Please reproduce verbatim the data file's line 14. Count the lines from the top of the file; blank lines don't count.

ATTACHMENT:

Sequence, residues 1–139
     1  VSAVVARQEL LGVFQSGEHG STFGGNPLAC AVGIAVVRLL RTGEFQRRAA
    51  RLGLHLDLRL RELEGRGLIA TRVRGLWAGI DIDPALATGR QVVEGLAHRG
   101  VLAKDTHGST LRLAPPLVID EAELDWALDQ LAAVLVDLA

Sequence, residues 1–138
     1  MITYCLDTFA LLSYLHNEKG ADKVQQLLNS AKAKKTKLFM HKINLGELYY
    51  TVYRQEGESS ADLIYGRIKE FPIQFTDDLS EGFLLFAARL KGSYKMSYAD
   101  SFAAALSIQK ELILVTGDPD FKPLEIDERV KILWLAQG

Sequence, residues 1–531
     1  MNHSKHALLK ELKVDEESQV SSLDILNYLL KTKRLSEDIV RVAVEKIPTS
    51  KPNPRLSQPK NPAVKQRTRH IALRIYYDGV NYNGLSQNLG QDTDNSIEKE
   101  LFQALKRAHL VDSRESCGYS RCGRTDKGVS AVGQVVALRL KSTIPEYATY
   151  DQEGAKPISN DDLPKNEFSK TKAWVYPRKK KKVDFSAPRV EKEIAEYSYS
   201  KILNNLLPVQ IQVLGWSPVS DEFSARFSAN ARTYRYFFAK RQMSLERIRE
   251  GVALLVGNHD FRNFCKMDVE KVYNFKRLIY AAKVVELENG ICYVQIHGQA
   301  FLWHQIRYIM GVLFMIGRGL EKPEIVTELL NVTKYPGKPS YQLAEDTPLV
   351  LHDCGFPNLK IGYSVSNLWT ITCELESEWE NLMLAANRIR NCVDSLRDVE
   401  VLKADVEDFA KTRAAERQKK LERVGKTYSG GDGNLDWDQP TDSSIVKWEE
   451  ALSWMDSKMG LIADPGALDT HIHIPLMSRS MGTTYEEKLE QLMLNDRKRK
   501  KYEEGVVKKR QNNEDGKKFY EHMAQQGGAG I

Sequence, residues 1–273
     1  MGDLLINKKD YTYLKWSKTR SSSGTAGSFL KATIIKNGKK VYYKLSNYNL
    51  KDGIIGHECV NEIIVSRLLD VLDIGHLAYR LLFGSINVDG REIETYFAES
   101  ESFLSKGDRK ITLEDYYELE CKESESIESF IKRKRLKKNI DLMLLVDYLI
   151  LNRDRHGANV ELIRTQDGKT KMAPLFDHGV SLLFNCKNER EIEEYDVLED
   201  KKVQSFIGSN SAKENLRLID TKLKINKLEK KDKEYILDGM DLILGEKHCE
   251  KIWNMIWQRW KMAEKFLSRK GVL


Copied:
   201  KILNNLLPVQ IQVLGWSPVS DEFSARFSAN ARTYRYFFAK RQMSLERIRE